We must give them a chance to experience more than what they are.  Books allow us to do just that, but not if they never read them.  Not if we never recommend them.  That’s on us, which means we can change it, so let’s do that starting now.

If you like what you read here, consider reading my newest book, Passionate Readers – The Art of Reaching and Engaging Every Child.  This book focuses on the five keys we can implement into any reading community to strengthen student reading experiences, even within the 45 minute English block.  If you are looking for solutions and ideas for how to re-engage all of your students consider reading my very first book  Passionate Learners – How to Engage and Empower Your Students.      Also, if you are wondering where I will be in the coming year or would like to have me speak, please see this page.



being a teacher, first day, students

On the First Day of School

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Sitting next to the ocean on vacation with three feverish children has given me a lot of time to think.  To relax.  To lay puzzles.  Read books.  Take walks.  Recharge.  I wish everyone could have a quiet time like this.

In the quiet, the new school year sneaks in.  Thoughts and ideas spring forth, the excitement starts to build.  There are changes this year once again; only three classes to teach, each 90 minutes long.  New focuses brought in.  New ideas to try.  A sense of urgency that cannot be replicated.  I cannot wait.

And so I think about the very first day of school.  Of the experience, we will have.  Of the things, we will do together.  But most importantly, how I want our students to feel after they leave our classroom experience together. How I would love for them to feel at the end of the day.  Hopefully excited, hopefully intrigued.  Hopefully safe.  Hopefully accepted. Hopefully wanting to come back.

Because when we plan for the first day of school, that’s what we should be planning for; how they feel after they leave us.

Not just all of the things we need to do, but the very tone we set.  Not just all we have to cover,  but the beginnings of the relationships we will create.

And so I plan for a picture book read aloud.  I plan for book shopping.  I plan for conversation, for the beginning moments of community.  I plan for laughter.  I plan for fun.

The stuff?  The projects?  The nuts and bolts of our year together?  That will come.  But on that very first day, it is not what is most important; our beginning relationship as a community is.  And so that’s what we focus on.

Everything else can wait.

How do you want your students to feel after the first day of school?

If you like what you read here, consider reading my newest book, Passionate Readers – The Art of Reaching and Engaging Every Child.  This book focuses on the five keys we can implement into any reading community to strengthen student reading experiences, even within the 45 minute English block.  If you are looking for solutions and ideas for how to re-engage all of your students consider reading my very first book  Passionate Learners – How to Engage and Empower Your Students.      Also, if you are wondering where I will be in the coming year or would like to have me speak, please see this page.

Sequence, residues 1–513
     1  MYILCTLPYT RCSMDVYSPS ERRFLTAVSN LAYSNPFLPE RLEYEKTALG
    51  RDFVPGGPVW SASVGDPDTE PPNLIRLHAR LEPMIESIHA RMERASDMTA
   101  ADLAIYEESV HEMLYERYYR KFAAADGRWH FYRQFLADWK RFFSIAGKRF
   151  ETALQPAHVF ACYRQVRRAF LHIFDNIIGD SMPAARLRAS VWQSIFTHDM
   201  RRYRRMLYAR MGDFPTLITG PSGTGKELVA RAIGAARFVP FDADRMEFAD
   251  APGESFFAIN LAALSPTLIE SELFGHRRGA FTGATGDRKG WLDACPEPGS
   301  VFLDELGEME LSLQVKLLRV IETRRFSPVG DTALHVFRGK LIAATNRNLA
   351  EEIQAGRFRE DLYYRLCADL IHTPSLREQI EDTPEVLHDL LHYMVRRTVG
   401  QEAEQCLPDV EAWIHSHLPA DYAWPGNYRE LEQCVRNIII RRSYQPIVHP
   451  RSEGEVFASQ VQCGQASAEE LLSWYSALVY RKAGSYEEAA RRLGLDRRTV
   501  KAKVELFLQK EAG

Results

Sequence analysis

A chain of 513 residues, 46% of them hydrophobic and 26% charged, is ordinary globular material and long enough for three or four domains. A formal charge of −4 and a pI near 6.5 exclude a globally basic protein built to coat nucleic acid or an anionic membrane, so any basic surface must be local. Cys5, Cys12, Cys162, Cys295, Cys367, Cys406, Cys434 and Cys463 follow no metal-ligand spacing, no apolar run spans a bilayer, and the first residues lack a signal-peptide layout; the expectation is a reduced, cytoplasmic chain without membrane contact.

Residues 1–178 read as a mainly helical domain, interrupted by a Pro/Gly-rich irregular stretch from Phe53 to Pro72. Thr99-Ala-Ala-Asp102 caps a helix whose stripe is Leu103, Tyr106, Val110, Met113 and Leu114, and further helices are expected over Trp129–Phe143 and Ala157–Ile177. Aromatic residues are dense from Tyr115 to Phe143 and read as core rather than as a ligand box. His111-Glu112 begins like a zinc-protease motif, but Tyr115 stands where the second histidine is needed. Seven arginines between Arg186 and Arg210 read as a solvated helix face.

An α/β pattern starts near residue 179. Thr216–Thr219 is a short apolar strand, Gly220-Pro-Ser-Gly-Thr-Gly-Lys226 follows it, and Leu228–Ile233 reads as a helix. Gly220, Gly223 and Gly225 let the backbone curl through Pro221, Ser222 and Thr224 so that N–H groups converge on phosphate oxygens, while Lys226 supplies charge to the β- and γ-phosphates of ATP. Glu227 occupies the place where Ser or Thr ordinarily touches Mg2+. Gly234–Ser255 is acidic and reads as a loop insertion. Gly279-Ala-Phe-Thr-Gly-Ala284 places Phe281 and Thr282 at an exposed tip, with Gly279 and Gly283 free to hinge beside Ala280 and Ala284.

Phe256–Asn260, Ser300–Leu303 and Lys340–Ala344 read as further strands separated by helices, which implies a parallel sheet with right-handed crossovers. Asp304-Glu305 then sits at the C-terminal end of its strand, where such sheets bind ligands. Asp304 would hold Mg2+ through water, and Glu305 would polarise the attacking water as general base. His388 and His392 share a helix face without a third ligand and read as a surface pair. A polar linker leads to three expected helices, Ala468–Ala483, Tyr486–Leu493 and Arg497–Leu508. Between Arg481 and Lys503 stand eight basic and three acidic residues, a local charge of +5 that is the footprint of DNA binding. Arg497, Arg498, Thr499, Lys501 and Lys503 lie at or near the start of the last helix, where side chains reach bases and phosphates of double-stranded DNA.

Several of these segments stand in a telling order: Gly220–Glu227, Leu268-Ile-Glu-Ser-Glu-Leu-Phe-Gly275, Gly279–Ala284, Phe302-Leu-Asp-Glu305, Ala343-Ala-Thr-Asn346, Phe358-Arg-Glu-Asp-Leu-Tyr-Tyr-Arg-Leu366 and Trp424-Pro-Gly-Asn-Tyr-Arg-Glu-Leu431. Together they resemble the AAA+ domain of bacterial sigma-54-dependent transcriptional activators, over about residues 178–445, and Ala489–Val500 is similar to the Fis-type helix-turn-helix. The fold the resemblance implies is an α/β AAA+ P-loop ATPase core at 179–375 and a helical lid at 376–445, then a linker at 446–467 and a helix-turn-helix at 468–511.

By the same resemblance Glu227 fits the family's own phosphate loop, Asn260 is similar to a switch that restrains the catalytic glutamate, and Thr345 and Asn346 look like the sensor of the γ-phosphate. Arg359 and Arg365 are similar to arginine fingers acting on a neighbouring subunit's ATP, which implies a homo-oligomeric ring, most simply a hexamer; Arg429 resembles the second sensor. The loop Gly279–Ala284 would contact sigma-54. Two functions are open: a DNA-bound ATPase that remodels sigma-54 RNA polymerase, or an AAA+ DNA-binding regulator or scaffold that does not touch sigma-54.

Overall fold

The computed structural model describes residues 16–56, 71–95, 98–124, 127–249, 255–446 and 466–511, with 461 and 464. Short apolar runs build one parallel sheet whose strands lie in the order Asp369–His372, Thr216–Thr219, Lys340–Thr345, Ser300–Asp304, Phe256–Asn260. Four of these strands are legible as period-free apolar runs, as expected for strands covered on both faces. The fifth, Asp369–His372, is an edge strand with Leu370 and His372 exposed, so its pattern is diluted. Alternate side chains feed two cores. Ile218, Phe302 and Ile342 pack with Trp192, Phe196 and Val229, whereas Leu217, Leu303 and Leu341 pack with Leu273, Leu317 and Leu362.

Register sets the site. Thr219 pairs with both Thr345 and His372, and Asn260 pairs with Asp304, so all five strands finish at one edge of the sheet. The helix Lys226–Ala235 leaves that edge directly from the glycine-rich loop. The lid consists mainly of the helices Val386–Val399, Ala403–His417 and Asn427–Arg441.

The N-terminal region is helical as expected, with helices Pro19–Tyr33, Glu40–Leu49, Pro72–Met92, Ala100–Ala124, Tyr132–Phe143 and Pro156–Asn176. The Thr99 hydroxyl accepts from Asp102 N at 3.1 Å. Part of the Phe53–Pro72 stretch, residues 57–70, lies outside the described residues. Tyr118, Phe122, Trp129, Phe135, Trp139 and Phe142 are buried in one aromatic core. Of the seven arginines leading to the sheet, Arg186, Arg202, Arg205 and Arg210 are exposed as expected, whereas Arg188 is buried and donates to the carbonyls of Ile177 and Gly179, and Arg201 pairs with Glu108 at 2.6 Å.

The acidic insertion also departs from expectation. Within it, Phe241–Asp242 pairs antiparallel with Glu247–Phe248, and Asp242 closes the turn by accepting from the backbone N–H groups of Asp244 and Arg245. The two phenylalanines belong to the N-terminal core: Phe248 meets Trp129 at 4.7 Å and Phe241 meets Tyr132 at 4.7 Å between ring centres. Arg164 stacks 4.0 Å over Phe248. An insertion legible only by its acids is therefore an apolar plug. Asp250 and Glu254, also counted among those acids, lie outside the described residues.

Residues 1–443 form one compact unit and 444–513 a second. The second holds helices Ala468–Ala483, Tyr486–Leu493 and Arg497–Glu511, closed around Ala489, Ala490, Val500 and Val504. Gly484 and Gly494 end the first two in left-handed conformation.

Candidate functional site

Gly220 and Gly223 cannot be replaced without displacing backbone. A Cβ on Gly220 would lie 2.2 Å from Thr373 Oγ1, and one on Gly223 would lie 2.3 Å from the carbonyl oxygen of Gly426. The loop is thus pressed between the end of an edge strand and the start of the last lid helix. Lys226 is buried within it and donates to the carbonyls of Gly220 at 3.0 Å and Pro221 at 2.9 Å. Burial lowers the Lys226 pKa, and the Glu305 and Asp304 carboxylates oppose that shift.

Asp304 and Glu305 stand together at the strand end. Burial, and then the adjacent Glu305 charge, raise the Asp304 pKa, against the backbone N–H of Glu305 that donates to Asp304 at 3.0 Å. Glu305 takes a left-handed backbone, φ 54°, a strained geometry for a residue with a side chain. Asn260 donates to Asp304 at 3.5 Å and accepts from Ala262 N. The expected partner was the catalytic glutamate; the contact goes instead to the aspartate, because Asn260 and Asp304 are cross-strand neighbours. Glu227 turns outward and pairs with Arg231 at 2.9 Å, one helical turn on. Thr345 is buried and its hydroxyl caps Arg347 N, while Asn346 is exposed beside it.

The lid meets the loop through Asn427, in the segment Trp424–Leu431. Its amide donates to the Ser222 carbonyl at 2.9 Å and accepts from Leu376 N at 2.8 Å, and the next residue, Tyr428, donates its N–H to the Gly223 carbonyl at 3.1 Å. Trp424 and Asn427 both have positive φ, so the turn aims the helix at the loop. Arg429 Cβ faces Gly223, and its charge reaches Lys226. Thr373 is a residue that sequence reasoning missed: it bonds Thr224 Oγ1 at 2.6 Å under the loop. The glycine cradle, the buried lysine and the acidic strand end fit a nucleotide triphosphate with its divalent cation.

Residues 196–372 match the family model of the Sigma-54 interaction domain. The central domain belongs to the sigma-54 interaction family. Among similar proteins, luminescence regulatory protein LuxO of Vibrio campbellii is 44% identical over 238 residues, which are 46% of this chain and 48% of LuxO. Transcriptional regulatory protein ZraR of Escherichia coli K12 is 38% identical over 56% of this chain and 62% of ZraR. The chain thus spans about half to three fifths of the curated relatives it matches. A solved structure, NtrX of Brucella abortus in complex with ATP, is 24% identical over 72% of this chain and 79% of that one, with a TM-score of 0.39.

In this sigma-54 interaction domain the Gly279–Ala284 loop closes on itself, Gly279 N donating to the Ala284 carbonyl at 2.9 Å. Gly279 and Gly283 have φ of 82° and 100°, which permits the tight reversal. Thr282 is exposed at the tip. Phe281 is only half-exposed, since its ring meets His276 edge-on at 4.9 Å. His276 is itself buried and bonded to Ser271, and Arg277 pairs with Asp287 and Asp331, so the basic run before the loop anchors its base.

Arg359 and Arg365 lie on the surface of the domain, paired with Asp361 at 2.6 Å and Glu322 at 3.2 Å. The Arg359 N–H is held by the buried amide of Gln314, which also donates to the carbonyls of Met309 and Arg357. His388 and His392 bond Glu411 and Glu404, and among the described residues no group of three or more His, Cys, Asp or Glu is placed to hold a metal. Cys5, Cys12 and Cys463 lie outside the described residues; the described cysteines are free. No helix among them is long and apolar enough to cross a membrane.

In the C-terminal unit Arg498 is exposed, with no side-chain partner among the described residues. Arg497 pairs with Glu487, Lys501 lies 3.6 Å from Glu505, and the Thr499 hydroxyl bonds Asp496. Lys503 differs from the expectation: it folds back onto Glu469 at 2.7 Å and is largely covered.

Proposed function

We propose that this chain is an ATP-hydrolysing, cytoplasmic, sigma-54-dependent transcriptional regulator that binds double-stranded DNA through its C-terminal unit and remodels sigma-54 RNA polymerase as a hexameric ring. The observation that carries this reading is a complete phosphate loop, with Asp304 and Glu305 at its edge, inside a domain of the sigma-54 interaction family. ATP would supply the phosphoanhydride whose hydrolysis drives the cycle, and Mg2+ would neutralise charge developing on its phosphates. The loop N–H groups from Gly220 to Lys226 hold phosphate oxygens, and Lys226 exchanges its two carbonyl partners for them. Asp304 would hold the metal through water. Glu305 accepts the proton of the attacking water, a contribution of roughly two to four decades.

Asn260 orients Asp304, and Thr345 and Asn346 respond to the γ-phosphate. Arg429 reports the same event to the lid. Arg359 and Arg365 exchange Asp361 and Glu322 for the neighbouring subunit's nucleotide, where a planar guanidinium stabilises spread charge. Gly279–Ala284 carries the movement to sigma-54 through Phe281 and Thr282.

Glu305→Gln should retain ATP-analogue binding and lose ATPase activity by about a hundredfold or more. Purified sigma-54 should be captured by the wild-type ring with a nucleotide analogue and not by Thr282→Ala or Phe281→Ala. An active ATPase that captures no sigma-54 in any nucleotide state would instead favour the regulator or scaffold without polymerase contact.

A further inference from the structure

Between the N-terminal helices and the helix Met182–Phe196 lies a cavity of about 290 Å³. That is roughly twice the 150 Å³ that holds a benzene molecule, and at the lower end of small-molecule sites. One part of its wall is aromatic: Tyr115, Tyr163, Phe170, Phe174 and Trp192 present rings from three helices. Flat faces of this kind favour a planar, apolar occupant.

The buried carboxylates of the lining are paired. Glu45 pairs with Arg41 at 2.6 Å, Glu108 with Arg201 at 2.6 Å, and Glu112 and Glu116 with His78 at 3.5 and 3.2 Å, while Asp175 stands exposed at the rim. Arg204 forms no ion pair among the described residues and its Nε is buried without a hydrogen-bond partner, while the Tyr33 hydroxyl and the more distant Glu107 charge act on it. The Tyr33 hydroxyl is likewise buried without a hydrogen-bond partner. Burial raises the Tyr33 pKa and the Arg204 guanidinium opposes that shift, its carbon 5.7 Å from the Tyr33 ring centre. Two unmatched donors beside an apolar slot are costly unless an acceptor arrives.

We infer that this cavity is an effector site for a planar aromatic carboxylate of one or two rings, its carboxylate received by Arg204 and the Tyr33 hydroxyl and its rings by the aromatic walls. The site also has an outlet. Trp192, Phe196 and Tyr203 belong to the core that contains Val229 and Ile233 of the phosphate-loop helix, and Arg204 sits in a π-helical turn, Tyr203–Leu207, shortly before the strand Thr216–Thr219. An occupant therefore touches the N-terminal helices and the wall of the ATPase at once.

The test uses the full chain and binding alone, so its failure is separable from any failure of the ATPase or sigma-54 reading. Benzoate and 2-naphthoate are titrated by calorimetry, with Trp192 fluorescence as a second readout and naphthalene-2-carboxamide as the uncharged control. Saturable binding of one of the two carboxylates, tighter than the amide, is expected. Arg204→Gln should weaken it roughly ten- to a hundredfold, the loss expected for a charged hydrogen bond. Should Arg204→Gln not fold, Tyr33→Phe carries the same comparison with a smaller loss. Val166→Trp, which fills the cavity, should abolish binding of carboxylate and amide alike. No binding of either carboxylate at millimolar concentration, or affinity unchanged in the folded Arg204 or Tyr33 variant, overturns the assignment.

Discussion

being a teacher, books, Literacy, Reading

How to Easily Do A Book Talk


One of the pillars of our reading community is the daily book talk.  While I used to do them once in a while, I was spurred on by the wisdom of Penny Kittle to do one every single day, which I have now fully embraced for the past few years.

So in the last few years, I have done a book talk almost every single day right after we finish our independent reading.  It takes less than two minutes and is fairly simple.  I used to plan them out much more but realized that it added another level of work to my already jam-packed day and that it didn’t seem to make a difference to the students whether I did a pre-scripted one or one that was more spur of the moment.  So this is what our book talks look like now.


  1. Pick the text you will book talk – note this can be a chapter book, audiobook, a collection of short stories or whatever you feel like blessing as Linda Gambrell reminds us.
  2. I like to book talk a variety of new books I have read as well as older books that haven’t been discovered yet. One place I look to for inspiration is what my students have recommended in the past.
  3. Decide your angle:  Are you book talking it because you read it and it was amazing?  Because you abandoned it and need someone to prove you wrong?  Because you added it to the library but haven’t read it?
  4. Prepare your visual.  I like to project the cover of the book so that students can easily write down the tile.  I also put any genres abbreviations on the slide and whether or not is a more mature book.
  5. Have the physical book ready to hold up and hand to someone or place on a designated book talk shelf or display.

During the book talk:

  • Keep it short and sweet.  I tend to say a few sentences about the book and why I liked it/abandoned it/purchased it and then read either the first page, the inside flap or the back cover.  I love these teasers as they are already made for us.